A Loving Yes

I woke from terrifying dreams a little before 5 a.m. and stumbled outside with the dog. Stars were shooting across the sky. I know better than to translate them into signs of God’s favor. We headed east toward black hills, past fields still clumped with snow, into the forest.

I prayed as we walked, which is to say that I paid attention as we walked, ever longing for the peace that flowers when I can allow Jesus to be present to me. It’s not easy. People were dying in my dream and I watched them suffer. It was not clear that my fate was not going to be the same. You know how it is, when the bad dreams are so real you wake up sweating, trembling. And when you realize it was just a dream, you think, “where the hell did that come from?”

How I hate having a mind that can create such anguish and hurt! And yet . . .

A Course in Miracles challenges me to release the world. The story of this life – its bad dreams, its fleeting pleasures, its apparent struggles for money, for grace, for love, for justice – was written long ago. The question is not whether I can do anything about it now, but rather with whom I watch it unfold.

The ego – whose life is this painful illusion – fosters only the doomed sense that one cannot -ever – escape. The Holy Spirit gently shines the illusion away, at whatever pace and to whatever degree you can handle a loving yes.

The only question we need to answer is: whose Kingdom is the world for you today? Does it belong to the ego? Or to Jesus and the Holy Spirit?

A few weeks ago I surfed a particularly difficult and painful time. It passed. This happens. The closer we come to Christ, the more frantic and even violent the ego’s defense becomes. Yet it will relent, too, lest you give up on it entirely. A little peace comes and we think, “I did it. I got it. I beat the ego by embracing Jesus.”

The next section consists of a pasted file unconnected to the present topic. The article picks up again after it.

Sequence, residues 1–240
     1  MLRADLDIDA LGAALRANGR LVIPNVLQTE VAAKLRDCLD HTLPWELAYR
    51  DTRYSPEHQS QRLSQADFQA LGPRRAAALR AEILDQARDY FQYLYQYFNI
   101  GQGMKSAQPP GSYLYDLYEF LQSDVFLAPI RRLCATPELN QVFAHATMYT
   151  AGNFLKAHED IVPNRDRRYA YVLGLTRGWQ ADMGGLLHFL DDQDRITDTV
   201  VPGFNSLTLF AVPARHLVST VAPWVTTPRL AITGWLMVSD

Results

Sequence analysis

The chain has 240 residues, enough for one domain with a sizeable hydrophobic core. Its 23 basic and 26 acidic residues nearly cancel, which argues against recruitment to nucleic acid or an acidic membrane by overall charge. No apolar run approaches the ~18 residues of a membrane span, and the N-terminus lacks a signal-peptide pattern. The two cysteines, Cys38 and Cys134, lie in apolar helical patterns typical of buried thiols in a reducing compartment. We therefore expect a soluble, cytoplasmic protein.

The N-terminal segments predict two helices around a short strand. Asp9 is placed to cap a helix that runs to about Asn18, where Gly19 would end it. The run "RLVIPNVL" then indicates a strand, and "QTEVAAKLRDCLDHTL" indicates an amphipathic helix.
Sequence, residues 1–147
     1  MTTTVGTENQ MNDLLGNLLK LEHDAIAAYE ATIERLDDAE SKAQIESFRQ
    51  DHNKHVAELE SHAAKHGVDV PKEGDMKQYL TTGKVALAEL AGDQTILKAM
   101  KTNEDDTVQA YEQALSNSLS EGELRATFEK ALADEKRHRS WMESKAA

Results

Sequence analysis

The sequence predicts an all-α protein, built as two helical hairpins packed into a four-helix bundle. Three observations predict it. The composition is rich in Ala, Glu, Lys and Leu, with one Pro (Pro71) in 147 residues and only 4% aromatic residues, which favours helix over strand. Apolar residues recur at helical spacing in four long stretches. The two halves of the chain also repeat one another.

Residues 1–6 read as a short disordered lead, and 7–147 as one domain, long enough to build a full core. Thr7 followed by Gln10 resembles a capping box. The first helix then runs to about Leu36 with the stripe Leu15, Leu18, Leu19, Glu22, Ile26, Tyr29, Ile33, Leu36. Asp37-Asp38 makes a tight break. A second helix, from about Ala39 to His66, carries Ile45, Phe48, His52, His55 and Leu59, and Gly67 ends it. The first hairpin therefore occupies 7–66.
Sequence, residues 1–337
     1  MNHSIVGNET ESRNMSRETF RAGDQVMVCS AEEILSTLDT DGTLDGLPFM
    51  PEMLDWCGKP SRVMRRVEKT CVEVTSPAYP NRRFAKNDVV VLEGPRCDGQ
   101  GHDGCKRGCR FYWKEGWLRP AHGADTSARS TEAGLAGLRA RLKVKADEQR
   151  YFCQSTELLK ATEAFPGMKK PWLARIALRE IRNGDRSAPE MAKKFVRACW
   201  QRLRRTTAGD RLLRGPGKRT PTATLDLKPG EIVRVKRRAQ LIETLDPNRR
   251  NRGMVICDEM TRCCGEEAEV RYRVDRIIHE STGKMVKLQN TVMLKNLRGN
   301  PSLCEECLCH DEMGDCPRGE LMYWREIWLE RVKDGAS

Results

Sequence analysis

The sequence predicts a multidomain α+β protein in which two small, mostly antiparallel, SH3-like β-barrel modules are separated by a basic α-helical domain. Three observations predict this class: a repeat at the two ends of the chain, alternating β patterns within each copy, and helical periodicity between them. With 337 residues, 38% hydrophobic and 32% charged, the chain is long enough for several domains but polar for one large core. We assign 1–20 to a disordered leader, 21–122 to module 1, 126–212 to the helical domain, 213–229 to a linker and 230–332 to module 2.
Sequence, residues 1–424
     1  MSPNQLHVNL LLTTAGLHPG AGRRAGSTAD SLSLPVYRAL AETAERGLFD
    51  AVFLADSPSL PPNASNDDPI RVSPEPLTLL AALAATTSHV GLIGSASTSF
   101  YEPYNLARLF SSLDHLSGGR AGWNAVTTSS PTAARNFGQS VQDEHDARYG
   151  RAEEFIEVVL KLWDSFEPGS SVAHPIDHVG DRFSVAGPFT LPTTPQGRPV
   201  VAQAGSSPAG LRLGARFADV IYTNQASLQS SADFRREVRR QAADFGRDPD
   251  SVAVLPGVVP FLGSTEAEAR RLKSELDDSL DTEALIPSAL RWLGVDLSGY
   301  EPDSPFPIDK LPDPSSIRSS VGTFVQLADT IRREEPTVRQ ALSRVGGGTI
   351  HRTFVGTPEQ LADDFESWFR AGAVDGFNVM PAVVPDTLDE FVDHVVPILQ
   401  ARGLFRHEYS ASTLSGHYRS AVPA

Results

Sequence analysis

Maybe. But maybe not, too.

It is a dangerous game of balance the ego plays, especially once we’ve had a taste of the peace that Jesus offers. The ego wants us miserable then dead but it has to be careful. If the misery and fear become too much we might turn altogether to Jesus and learn that the ego is simply an idea we can release the way late summer milkweed release their tendril seeds . . .

I have learned in recent months that the necessary undoing – the revelation of Truth – is vast. My penchant for conflict – for indulging the ego – is deep-rooted and ugly in the extreme. And it’s wily like a genius fox. Nightmares abound lately, even as my day-to-day waking life subsides into manageability. How do we get off the roller-coaster?

“There is no roller coaster,” Jesus says patiently, for the ten thousandth time since we believe we got on board. “It ends when you say it ends.”

“Don’t be a fool,” whispers the ego. “This ride is all there is and you know it.”

So it goes. What is there to do but keep on keeping on, as Bob Dylan once said? The dog and I headed back just as the sky was beginning to soften and the stars slowly dim. I made tea, sat by the window, then knelt suddenly to pray. “Help me,” I said. “Just help me. Please.” The dream images that woke me in fear remain, but are curiously one-dimensional. I can write. I can make breakfast for the kids.

I have come so far through the darkness alone that I cannot turn back. I won’t lie to you, if I can help it. There is no light yet for some reason with each step my feet land on solid ground. One senses they are being held, or guided, or perhaps even lifted. I used to think this writing was about me but maybe it’s not. Maybe you, reading this right now, are blessing me. Maybe you are doing the lifting.

Maybe all I need to say is thank you, thank you, thank you.

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